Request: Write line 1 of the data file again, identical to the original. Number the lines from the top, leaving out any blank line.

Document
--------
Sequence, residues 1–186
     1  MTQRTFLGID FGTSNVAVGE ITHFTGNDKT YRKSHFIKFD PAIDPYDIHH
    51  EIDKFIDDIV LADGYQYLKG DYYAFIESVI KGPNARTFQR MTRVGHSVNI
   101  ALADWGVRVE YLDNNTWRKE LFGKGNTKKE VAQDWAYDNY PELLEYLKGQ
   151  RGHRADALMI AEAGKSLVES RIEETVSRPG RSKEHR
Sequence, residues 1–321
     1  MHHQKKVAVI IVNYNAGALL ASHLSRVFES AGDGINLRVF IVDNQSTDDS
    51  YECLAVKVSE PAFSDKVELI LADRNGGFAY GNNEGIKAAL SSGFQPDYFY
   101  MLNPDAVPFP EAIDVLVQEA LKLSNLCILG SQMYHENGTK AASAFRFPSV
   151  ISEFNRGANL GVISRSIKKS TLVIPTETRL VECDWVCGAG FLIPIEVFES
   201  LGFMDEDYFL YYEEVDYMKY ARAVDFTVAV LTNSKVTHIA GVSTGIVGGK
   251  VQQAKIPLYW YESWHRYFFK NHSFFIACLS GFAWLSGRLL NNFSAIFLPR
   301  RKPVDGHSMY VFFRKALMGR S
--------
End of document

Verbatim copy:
Sequence, residues 1–186